Cut your insulating material according to the measurements taken to have a piece of insulation for each pipe.
When done, wrap the pipes with the insulating material to ensure complete enclosure of the pipes.
Seal the joints properly:
After that, make sure you do not leave the joints between the piping exposed – apply an appropriate amount of insulating material to each of the joints until they are touching the insulation from the piping from all sides.
Wrap heat tape or UV protection tape over the insulation:
To seal off the insulation and provide an additional layer of protection, you should wrap the insulation with heat tape or UV protection tape to tightly seal the insulation as well as give an additional layer of insulation to the piping as well.
What type of pipe is used for condensate?
The material used for condensate pipes needs to be durable and resistant to moisture and chemicals since they will be installed for long term use.
Condensate pipe lines usually carry water but also contain carbonic acid which is corrosive to metals – therefore using metallic piping would not be suitable or durable for long term use.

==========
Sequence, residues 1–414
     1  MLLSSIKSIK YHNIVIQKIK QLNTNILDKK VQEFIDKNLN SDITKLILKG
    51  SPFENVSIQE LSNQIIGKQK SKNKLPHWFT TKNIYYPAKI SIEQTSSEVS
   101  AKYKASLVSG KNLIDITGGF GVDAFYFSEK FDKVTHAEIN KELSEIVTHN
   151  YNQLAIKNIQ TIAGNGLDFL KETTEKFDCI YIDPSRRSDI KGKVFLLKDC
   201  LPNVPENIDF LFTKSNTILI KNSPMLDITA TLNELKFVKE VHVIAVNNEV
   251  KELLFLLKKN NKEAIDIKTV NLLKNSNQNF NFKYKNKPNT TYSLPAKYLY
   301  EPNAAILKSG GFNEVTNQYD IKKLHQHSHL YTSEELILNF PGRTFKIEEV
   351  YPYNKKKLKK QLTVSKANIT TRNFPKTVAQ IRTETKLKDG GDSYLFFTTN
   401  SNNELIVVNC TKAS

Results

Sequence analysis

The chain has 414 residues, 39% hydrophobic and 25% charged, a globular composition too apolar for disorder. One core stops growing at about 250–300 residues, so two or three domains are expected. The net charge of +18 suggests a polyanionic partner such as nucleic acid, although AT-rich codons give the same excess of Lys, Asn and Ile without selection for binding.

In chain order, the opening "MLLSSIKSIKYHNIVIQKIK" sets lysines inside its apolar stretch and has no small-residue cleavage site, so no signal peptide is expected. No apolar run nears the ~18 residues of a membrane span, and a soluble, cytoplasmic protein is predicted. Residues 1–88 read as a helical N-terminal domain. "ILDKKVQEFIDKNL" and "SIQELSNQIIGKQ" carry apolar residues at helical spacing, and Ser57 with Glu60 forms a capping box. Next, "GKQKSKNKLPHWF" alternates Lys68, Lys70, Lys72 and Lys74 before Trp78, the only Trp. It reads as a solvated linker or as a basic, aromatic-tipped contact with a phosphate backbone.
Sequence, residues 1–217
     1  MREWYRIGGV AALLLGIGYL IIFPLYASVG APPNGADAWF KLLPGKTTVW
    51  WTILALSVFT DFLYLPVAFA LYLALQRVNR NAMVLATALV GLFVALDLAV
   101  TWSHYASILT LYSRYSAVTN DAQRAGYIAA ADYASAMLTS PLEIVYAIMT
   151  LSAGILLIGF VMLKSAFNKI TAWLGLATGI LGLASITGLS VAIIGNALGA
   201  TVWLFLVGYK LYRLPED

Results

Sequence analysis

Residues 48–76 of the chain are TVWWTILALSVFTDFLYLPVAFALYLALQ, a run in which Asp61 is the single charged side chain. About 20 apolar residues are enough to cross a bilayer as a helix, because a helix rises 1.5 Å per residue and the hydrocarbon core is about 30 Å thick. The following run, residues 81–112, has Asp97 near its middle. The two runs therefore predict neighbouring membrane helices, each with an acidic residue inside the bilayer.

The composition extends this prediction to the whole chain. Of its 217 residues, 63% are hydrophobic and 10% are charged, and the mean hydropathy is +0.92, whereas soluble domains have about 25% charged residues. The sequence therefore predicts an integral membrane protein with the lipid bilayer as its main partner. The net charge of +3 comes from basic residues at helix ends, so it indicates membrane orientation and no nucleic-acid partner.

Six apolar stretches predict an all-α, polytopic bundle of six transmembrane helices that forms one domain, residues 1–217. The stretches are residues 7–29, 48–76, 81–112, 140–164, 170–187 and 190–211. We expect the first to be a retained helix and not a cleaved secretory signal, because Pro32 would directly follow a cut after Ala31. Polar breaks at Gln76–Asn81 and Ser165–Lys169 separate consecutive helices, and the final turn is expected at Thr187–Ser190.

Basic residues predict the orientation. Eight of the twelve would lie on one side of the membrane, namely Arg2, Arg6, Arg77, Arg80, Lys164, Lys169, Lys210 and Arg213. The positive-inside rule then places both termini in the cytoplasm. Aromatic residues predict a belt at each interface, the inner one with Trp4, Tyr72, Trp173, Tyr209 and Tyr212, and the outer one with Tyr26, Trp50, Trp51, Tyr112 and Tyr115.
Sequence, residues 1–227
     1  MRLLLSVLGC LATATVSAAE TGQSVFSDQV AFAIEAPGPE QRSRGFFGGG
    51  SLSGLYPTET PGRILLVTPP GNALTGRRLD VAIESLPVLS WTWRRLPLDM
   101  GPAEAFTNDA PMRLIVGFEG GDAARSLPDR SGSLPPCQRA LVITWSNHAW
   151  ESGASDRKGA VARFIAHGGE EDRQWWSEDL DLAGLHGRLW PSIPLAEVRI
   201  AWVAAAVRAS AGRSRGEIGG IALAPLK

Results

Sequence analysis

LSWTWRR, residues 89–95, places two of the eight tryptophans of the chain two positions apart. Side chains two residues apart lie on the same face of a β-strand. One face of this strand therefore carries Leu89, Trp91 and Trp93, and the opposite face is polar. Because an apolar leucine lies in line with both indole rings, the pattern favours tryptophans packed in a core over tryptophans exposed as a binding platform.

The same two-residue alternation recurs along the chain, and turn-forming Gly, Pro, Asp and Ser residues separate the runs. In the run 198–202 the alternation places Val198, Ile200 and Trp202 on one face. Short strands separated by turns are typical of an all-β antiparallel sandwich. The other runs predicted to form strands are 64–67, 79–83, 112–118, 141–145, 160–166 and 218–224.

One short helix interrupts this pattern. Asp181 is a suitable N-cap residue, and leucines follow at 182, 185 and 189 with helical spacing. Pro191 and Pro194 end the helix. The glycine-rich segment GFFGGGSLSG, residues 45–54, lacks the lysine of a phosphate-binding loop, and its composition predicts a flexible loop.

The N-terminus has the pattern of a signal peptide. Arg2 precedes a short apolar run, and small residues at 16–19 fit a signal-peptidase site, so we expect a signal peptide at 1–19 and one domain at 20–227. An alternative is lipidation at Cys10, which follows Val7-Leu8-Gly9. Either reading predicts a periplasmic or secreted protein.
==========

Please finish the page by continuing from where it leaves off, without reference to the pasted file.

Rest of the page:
However, stainless steel is a metallic alloy that can withstand corrosive strikes much better and have a longer durability – but they are not very cost effective, thus an all stainless steel condensate drain line may not be viable.
However, there is another alternative to this material that has a good durability, resistance to moisture and chemical pounces. PVC piping has been in use for over 70 years in various types of piping.
The PVC pipes are also within the acceptance range of all the plumbing codes for use in condensate drain lines – which makes it an excellent choice of element for use.
According to the current U.S. Energy Code, condensate pipe from an A/C or furnace does not need to be insulated. If your condensate line does not have a leak but you find outside condensate forming, it may end up damaging the pipe, so it is a good practice to insulate the condensate pipes.